Pathfinder 2E I feel at peace


I finally got to play Pathfinder 2e today. I played a fighter (with the champion dedication) pre-gen in a Sundered Waves one-shot at Origins. We didn’t get to do much exploration mode, but the combat was fun.

We had a mix of experienced and new players. I made a couple of good tactical moves that the GM could use as teaching moments for the new players.

For example, instead of taking my last action as an attack, I used it to set up Aid to aid the next attack. With my Cooperative Nature feat, I had a +20 to the DC 20 check, which I crit and gave a +3 to the sorcerer’s attack roll, which was enough to let him crit.

In the final combat, I moved up only one square, raised my shield, and readied an attack in case the monster went for me. (The sorcerer has casted haste on me, so I had an extra action I could use to Strike or Stride.) The GM used this to go over the value of action-denial.

On the next round, I used lay on hands on the monster, which it crit failed. It took 20 points of damage and gained a −2 status penalty to AC. That set up the cleric to pew pew lasers the monster and finish it off. It was another good example of using your action economy to help the party instead of fishing for a crit.

Would I run PF2 again? Very unlikely. The things that bothered me as a GM still do. However, it’s fun to play. I liked the puzzle of figuring out how I could use my tools to put us in a stronger position.

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Been a while since I’ve posted due to my new job keeping me super busy, but I had a really fun Abomination Vaults session last weekend, so I figured I would briefly gush about it:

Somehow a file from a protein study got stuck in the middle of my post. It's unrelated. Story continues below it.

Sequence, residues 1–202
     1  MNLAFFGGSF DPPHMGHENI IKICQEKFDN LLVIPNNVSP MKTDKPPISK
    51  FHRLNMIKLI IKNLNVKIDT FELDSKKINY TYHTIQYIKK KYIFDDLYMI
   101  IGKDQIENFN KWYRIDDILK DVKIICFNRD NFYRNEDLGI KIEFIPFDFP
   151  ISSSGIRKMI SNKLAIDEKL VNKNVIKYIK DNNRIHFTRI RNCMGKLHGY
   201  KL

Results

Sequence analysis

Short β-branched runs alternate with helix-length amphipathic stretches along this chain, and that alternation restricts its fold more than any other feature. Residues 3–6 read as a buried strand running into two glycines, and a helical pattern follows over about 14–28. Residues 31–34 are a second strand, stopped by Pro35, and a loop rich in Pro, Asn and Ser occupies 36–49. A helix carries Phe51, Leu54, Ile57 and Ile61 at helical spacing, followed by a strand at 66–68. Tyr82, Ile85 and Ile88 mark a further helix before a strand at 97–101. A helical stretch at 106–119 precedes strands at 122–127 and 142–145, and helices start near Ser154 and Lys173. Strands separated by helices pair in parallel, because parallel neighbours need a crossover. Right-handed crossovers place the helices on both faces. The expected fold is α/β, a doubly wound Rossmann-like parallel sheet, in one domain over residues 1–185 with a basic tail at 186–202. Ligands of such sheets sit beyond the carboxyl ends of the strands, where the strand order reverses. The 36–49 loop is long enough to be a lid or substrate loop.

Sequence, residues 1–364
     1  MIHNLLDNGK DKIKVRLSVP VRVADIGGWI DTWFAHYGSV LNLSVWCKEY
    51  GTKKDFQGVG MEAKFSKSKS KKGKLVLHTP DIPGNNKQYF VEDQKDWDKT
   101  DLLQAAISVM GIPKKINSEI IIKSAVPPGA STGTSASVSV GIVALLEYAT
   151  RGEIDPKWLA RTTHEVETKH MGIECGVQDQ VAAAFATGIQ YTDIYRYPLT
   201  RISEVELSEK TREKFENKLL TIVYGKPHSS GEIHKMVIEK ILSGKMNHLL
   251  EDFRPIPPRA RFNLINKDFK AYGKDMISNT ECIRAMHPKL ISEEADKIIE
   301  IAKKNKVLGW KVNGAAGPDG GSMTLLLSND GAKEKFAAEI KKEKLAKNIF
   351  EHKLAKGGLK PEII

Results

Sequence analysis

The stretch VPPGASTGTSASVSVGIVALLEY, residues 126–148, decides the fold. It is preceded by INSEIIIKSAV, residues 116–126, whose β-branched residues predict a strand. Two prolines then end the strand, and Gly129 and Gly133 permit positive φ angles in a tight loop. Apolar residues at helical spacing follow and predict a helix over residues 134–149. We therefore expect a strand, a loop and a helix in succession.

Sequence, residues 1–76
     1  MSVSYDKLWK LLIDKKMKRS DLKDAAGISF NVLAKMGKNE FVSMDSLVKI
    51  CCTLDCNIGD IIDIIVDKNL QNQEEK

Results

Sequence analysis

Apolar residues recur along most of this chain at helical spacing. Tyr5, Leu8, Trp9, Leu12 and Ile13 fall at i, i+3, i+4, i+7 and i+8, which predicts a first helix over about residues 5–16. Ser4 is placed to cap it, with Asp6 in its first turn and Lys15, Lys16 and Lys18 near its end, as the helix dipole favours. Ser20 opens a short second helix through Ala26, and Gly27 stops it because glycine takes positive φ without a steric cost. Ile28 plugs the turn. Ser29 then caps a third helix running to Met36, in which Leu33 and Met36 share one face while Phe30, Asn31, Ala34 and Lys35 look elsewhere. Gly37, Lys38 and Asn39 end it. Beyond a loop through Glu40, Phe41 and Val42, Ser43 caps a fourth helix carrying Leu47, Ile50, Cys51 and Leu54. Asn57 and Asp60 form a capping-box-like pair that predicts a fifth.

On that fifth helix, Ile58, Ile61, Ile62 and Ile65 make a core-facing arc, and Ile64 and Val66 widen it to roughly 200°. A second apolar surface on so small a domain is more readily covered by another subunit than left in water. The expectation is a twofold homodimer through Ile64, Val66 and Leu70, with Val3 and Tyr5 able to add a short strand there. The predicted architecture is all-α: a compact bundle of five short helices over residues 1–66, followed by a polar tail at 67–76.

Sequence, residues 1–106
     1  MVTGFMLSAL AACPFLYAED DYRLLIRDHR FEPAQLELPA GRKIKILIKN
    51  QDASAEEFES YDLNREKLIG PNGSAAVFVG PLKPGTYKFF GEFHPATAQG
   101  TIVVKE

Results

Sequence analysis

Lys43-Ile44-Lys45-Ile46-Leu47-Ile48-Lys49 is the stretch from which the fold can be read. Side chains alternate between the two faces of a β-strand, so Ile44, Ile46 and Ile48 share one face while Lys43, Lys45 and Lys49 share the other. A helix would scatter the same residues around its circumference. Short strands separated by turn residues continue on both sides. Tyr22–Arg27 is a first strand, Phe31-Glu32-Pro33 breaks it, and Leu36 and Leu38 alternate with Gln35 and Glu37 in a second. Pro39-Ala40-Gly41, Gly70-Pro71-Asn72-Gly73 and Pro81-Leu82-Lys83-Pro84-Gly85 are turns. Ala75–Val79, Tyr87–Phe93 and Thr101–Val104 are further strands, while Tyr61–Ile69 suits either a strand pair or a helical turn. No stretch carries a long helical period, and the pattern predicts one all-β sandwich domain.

We have been playing with the downtime house rule discussed in a previous post, except it has sort of morphed into at least one day of downtime per session. It is working out extremely well and is providing a lot of “structure” (for a want of a better word) to the game: the PCs are basically doing delves or expeditions into the dungeon trying to achieve some objective (mostly treasure related since my players are poor because they are REALLY bad at finding treasure) and get out. The objective means they have motivation to explore and clear rooms. It also means that they have in character arguments about which objective to pursue and which entrance to the dungeon to use (they have found four so far). It is a lot of fun and makes me feel like a kid again, especially since we are using theater of the mind for the dungeon portion (with the exception of a couple of the more complicated rooms).

The overloaded encounter dice is also working much better now that I have more experience with it. I am mostly using it when the party is traveling through the wilderness, camping, or taking ten minute rest turns. Interesting results include:
  • The party encountering Volluk himself when they were camping in the surface ruins (they decided not to head back to town through the swamp at night) and retreating leaving all their stuff behind. They observed him messing with the gauntlight and now suspect he is behind it though they have no clue who he is;
  • Encountering Freznelkesh while returning to the boathouse to get their boat and having to book it back to the lighthouse;
  • Hearing monsters poke at a barricade they made from the other side and then set a trap for them (trap later went on to almost kill the wizard);
  • Encountering a Basilisk multiple times while traveling and absolutely refusing to fight it - either sneaking around it, or in one case running from it; and
  • Hearing a strange and ominous “bird” in the Fogfens that they don’t want to go investigate because “swamp.”

With these two systems in place and the excellent adventure in the book, the dungeon practically runs itself and I am doing almost no prep for most sessions. I just need to think about what changed and how the dungeon/town is going to react to the player’s actions, make a couple notes on the changes, occasionally print out a map of a more complicated room, and maybe print out the stats of a monster/hazard the inhabitants were able to add to the dungeon. It’s very liberating.